For the past few years, an animal shelter in Teterboro, New Jersey has posted a note on Facebook saying it was hosting a blessing of animals. The blessing, performed by a Catholic priest, is a tradition in honor of Saint Francis of Assisi.
No one was required to come. But this year, for the first time, someone complained. Enter American Atheists. It was so angry that it actually went into federal district court to stop Fido from being blessed.
A lawyer for American Atheists, Geoffrey Blackwell, wrote a letter in September to the Bergen County Animal Shelter, putting officials on notice. His command of constitutional law is appalling. Blackwell says, "The Establishment clause prohibits government agencies from enacting any law or policy 'respecting the establishment of religion.'"
The First Amendment does not speak about "respecting the establishment of religion." It specifically says "an" establishment. The difference is important. Madison, who wrote the First Amendment, was asked about his wording and why he chose the pronoun "an" over the article "the." He said the Congress could not pass a national religion nor could it favor one religion over another. He did not craft his words to mean a blanket proscription of religion in the public sector.
Just as serious is Blackwell's strained analysis of Lemon v. Kurtzman, the 1971 U.S. Supreme Court decision establishing a three-prong test to decide whether the First Amendment has been violated. He says blessing puppies violates all three prongs. The blessing, in his mind, "lacks a secular purpose," has "the primary effect of advancing" a religious viewpoint, and "unduly entangles the government in religious practice."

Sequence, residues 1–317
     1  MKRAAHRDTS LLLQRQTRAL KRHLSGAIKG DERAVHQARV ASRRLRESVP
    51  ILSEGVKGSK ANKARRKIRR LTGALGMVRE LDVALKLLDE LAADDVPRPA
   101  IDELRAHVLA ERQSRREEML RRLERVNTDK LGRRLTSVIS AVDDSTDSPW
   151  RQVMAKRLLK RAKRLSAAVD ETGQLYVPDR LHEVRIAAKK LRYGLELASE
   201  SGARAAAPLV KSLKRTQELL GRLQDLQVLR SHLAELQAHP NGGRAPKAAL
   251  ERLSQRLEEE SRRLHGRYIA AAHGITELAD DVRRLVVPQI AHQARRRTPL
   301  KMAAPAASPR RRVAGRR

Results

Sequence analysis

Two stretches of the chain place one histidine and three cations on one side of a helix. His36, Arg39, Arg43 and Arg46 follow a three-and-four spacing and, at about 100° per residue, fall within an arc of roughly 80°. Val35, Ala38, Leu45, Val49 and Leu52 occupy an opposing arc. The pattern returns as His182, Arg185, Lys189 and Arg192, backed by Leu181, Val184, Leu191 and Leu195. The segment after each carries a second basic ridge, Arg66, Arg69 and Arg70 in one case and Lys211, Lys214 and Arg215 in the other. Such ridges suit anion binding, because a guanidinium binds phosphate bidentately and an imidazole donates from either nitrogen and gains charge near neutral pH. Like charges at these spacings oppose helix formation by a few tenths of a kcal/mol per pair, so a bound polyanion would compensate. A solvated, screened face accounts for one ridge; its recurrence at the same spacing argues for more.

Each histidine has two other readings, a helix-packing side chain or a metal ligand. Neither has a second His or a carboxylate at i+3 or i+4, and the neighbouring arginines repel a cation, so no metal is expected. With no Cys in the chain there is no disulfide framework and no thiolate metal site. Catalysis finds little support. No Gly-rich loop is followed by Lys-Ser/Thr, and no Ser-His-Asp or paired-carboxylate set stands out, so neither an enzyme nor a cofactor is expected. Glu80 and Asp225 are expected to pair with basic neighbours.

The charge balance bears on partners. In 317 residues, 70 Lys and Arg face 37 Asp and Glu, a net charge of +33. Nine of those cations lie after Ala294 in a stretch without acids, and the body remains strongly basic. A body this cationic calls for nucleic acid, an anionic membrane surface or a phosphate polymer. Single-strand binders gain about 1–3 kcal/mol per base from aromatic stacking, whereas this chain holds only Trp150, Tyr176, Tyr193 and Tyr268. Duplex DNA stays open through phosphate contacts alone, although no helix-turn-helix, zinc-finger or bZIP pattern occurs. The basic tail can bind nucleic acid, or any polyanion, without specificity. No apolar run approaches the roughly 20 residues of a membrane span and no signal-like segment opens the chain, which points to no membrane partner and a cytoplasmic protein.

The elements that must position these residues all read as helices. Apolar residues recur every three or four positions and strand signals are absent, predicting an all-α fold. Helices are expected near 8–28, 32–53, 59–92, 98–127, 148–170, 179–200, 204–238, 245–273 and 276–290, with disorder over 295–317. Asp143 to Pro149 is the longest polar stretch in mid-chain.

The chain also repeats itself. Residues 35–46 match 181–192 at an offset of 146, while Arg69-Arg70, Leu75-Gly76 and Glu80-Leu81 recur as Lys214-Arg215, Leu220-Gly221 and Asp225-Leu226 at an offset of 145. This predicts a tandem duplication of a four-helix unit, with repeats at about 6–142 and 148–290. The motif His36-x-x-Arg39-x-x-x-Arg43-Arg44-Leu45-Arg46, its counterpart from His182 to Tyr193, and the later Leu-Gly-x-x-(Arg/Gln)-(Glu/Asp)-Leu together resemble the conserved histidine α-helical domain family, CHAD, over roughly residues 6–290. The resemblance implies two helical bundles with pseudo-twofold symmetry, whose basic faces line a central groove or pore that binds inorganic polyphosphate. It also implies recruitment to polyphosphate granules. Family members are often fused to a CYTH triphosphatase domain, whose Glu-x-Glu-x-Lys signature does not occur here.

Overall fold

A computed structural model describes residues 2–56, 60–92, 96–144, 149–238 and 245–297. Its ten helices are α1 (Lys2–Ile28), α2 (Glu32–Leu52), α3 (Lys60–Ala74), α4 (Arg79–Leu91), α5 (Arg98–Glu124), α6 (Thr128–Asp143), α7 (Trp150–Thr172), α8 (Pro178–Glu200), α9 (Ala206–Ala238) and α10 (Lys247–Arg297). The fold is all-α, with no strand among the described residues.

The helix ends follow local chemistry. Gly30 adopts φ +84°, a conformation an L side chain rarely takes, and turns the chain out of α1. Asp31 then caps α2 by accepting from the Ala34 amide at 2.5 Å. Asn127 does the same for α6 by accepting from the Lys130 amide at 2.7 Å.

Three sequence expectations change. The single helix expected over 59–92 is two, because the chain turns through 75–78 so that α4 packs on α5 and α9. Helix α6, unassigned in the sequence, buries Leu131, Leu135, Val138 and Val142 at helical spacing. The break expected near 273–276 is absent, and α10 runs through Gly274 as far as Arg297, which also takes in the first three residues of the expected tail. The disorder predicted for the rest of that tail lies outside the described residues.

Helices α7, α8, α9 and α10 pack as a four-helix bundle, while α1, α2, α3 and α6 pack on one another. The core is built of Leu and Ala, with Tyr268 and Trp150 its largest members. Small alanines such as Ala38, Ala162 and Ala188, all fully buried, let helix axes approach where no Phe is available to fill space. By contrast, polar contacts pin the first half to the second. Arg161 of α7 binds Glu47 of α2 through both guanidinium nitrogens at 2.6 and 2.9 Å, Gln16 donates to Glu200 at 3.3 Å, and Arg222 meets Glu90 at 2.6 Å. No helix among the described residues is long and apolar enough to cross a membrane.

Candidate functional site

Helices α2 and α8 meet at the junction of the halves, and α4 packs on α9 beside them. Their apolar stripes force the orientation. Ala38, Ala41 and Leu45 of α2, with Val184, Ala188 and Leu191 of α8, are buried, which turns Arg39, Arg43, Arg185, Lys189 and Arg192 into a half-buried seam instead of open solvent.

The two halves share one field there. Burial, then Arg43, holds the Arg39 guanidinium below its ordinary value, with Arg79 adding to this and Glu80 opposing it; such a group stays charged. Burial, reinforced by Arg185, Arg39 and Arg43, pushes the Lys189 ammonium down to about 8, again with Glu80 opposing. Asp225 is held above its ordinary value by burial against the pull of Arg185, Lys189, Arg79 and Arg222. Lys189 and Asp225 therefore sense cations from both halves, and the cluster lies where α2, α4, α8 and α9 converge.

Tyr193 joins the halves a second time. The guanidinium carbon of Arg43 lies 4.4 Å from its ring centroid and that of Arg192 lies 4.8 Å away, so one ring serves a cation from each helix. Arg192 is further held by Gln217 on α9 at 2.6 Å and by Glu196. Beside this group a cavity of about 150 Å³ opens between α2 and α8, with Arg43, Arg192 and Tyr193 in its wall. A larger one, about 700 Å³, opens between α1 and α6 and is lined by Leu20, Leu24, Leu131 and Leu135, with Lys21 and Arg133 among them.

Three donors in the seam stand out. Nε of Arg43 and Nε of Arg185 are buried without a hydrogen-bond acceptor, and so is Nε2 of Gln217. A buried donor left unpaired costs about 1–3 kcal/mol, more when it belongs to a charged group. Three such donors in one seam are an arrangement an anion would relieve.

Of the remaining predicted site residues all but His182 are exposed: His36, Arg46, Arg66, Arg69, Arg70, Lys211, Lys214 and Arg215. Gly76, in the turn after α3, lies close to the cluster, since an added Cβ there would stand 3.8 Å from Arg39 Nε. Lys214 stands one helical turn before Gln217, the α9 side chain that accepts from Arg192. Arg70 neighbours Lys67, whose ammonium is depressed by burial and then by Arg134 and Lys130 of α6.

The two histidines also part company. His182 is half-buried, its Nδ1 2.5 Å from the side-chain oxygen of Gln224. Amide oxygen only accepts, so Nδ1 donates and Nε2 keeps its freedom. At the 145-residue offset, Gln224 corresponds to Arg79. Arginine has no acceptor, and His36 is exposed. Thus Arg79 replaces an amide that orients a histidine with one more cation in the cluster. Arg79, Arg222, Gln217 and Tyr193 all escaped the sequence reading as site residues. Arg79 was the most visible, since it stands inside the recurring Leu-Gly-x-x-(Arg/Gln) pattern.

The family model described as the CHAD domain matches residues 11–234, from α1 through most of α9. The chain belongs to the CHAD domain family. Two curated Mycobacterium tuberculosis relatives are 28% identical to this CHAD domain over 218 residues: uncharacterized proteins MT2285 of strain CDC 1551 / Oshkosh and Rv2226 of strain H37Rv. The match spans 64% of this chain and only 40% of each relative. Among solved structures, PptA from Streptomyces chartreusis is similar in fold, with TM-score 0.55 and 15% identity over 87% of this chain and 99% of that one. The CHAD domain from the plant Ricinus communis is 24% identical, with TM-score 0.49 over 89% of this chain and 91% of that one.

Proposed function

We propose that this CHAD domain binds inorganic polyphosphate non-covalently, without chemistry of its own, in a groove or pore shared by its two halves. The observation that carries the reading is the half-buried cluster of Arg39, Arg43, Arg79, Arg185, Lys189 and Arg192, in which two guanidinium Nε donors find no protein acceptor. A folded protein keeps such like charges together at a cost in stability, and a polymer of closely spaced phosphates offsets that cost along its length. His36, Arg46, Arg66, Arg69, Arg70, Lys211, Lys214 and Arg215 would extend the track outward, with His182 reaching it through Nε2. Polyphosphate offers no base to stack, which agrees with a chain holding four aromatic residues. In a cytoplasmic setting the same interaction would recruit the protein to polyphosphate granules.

The ceremony is clearly designed as a pro-family, pro-animal, event not a religious exercise. It is also voluntary. The application of Lemon is absurd. If this "unduly entangles the government in religious practice," what are we to say about what just happened on Election Day? Voters went to the polls, located in some instances in a Catholic school or church basement, without ever triggering Lemon.
On the home page of American Atheists' website it says, "We're fighting to protect real religious freedom." So fighting to stop Fido from being blessed in a public shelter is now seen as a real contribution to religious freedom. American Atheists has certainly come a long way from the days when its scoundrel founder, Madalyn Murray O'Hair, was busy stopping Freddy from praying in school.
The day is fast approaching when American Atheists will file a lawsuit against a priest for saying "God Bless You" to a person who sneezes in a public park.